Obesity In Pets Reaches Epidemic Proportions

FOCUS ON PETS

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Obesity in dogs and cats is of epidemic proportions, according to a new study just released and reported in the Sept. 9 issue of the Wall Street Journal. The headline reads "Much like their owners, cats, dogs eat too much, don't get enough exercise." This new study released by the National Research Council of the National Academies reports that a quarter of all cats and dogs are overweight.

Fat pets are at much higher risk of heart disease, diabetes and other illnesses, as well as hip and joint problems.

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Your dog is considered obese if you can't feel its ribs, it has fat deposits on its back and tail, and it shows no discernable waist when viewed from above.

The last studies of pet nutrition and health were conducted 20 years ago. There have been tremendous strides in the knowledge of pet nutritional needs and the quality of pet food, as well as advances in veterinary medicine in those 20 years. But there are more couch potatoes today, and that includes pets and their people.

Generally, the feeding guidelines on the bag of dog or cat food suggest that we feed way too much food. Just as people vary in the way they burn calories, so do dogs and cats. It is impossible to say that a particular size dog or cat requires a certain amount of food. As with ourselves, we can check the ribs and waistline and know when we need to cut back.

The study report states, "Your dog is too plump if you can't feel its ribs, it has fat deposits on its back and tail and it shows no discernible waist when viewed from above. If you cat looks fat -- in the back, the face and the abdomen -- it is. A cat near its ideal weight is well-proportioned, has a moderate waistline behind its ribs and has a thin cover of fat over its abdomen."

The remedy for the problem of obesity, according to the study, "cutting calories, avoiding snacks and table scraps, and more time out and about." Not exactly rocket science. It is just plain common sense. But then why are so many dogs and cats overweight?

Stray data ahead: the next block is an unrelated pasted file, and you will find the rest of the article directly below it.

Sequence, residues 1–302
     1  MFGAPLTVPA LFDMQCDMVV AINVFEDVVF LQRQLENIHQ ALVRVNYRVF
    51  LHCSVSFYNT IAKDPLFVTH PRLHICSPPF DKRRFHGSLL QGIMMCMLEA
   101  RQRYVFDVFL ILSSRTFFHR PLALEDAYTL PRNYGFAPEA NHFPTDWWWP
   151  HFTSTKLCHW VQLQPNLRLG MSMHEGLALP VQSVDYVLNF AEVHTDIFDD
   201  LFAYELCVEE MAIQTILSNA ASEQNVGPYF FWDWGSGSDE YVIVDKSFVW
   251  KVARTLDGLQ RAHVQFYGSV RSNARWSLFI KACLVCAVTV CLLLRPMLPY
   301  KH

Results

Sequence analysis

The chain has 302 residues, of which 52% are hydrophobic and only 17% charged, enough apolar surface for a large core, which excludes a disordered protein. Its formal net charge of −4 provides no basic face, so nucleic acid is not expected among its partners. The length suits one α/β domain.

Many people do not see that their pets are overweight. Some say the dog is not fat but has a lot of hair. The "fingers on the ribs" test tells all. If you have trouble feeling the ribs and a slight indentation between them, your pet is obese and you need to cut back on the quantity of food and the type and amount of treats.

Between 30 to 40 percent of cats will overeat if owners give them as much food as they want. Cats do best, according to the study, on small meals several times a day. Dogs do better with two meals a day. Cats are carnivores, meat eaters. Dogs are omnivores, which means that they get most of their energy from carbohydrates and can survive on a vegetarian diet if the proper nutrients are there, but they do best on a balanced diet of meat, vegetables and carbohydrates.

There are about 77 million cats and 60 million dogs in the US today. How do they count them for a study such as this is anyone's guess, but surely they miss a few here and there.

Americans are spending more on their pets and many are buying better food.

But if our pet is overweight, we are doing him/her no favors by overfeeding. Obesity is unhealthy. Eat less -- exercise more. That's the only solution.

Christy Wrather is a columnist for the Payson Roundup. She can be reached by e-mail at cpwrather@earthlink.net, or by snail-mail at HC1 Box 210, Strawberry, AZ 85544.

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